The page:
Finland is in Group A with the United States, Canada, Russia, and Switzerland.
- April 4, 12:30 p.m. ET | vs United States
- April 6, 9 a.m. ET| vs Russia
- April 8, 9 a.m. ET | vs Switzerland
- April 9, 12:30 p.m. ET | vs Canada /
- Forwards: Sanni Hakala, Elisa Holopainen, Venla Hovi, Michelle Karvinen, Petra Nieminen, Tanja Niskanen, Emma Nuutinen, Annina Rajahuhta, Riikka Sallinen, Susanna Tapani, Noora Tulus, Viivi Vainikka, Linda Välimäki
- Defenders: Jenni Hiirikoski, Nelli Laitinen, Rosa Lindstedt, Isa Rahunen, Ronja Savolainen, Minttu Tuominen, Ella Viitasuo
- Goaltenders: Noora Räty, Jenna Silvonen, Eveliina Suonpää
- Head Coach: Pasi Mustonen/
Players to Watch
There’s aging gracefully, and then there’s looking the concept of age right in the eye and extending a middle finger before skating off in laughter. Nothing about Sallinen’s numbers suggest she’s 45 years old; she led the SDHL’s HV71 this year with 51 points (14 goals, 37 assists), good for seventh in league scoring.
At the 2018 PyeongChang Olympics Sallinen averaged 22.08 minutes of ice time over six games, second-highest on the team behind captain Jenni Hiirikoski.
In the latter half of her career post-2013 comeback Sallinen’s scoring shifted into more of a playmaking role, but she’s still got the proverbial nose for the net, as demonstrated by her four goals in South Korea. She’s a consummate well-rounded center who sees time on special teams as well as even-strength.
This is almost certainly the swan song of a legendary career. Elite sport of any gender is lucky to have athletes like Sallinen, and if this is in fact her last tournament, then she leaves hockey that much better for having been a part of it.
Holopainen’s had a coming-out season in both club and international competition. She had her best season yet with KalPa in the Naisten Liiga, finishing third in team scoring behind Tanja Niskanen and Matilda Nilsson. She was the Naisten Liiga’s Player of the Month for January.
Internationally she saw time on the senior team at the Euro Hockey Tournament as well as with the U18s in Japan this winter. Her tournament-leading offense (8 points, 5 g, 3 a) helped power Finland to their first-ever medal in the competition.
Reminding an audience to look out for Noora Räty in goal is like reminding a fish to swim. She’s one of the most elite goaltenders on earth, a four-time Olympian, and arguably the face of Finnish women’s hockey internationally.
Like Sallinen, this may very well be Räty’s last tournament. She turns 30 in May, recently purchased a home in Minnesota, and hinted at retirement. Not only is she on her native soil, she’s also in her hometown: having this tournament in Espoo is as much of a homecoming as she could hope for, short of the IIHF pouring a backyard rink at her childhood home. There are worse ways to finish a career.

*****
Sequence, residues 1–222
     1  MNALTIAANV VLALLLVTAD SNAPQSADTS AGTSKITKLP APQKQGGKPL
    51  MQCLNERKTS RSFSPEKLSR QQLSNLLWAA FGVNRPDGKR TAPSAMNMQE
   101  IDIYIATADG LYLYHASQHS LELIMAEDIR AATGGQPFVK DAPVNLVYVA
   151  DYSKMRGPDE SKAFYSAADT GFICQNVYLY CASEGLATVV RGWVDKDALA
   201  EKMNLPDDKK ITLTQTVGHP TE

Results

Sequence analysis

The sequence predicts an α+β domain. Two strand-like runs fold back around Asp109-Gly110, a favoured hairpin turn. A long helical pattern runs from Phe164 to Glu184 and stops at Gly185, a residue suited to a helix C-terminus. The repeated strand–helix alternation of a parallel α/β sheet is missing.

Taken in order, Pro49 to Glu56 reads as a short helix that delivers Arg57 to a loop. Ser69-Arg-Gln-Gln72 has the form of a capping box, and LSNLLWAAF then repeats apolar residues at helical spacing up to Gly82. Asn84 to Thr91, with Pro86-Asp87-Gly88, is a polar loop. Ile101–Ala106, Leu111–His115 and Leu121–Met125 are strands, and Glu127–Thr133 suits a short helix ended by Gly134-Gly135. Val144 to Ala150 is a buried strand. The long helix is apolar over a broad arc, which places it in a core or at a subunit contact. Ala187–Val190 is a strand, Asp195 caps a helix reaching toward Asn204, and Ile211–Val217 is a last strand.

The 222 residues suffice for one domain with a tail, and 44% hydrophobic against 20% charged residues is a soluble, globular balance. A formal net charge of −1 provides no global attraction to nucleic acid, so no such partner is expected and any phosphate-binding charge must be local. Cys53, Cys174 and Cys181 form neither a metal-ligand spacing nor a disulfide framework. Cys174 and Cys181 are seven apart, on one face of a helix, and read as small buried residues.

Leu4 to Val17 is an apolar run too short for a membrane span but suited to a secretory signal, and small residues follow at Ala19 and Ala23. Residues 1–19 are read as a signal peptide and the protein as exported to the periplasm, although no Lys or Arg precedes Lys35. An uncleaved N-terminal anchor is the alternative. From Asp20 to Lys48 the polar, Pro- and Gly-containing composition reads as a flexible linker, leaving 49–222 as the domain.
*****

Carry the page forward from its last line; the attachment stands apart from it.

This tournament she’s sharing the crease with Eveliina Suonpää and Jenna Silvonen. With Meeri Räisänen not named to the roster due to a lingering lower-body injury, expect Räty to see the majority of playing time.
Last Time Around
The 2017 World Championships in Ann Arbor saw the Naisleijonat not only win bronze, but defeat Canada for the first time in senior competition. The 4-3 victory came in the preliminary rounds, but it marked a major moment and showed just how much the program has grown.
The Kids Are All Right
As it’s the start of a quad and quite possibly the last hurrah for some Naisleijonat veterans, head coach Pasi Mustonen is looking to the next generation. He held a training camp in mid-March designed for players in the pipeline to get more involved and active with the senior team even if they wouldn’t necessarily make the final cut.
Mustonen: “Most of the players on the [final team] are still playing, so other players in the camp are future players and potential champions...they’ll get involved in a women’s national team event that will definitely benefit the future.” #Naisleijonat— Meredith Foster (@fosterwrites) March 13, 2019
Three players who won bronze at this year’s U18 World Championships were named to the senior team: Elisa Holopainen, defender Nelli Laitinen, and forward Viivi Vainikka. Goaltender Jenna Silvonen is 20; forward Petra Nieminen, 19, was a member of the bronze medal Olympic team last winter.
Mustonen described the team as “a good mix of prize experience and young hungry players” to YLE earlier this month, saying also, “The age distribution is good.”
The Naisleijonat have been preparing for this tournament with just as much vigor and enthusiasm as they did for the Olympics. In some ways this tournament matters more, a chance to show both their country and the world their confidence, their growth, and their pride in how far they’ve come.
Look for a hungry and confident team all tournament long.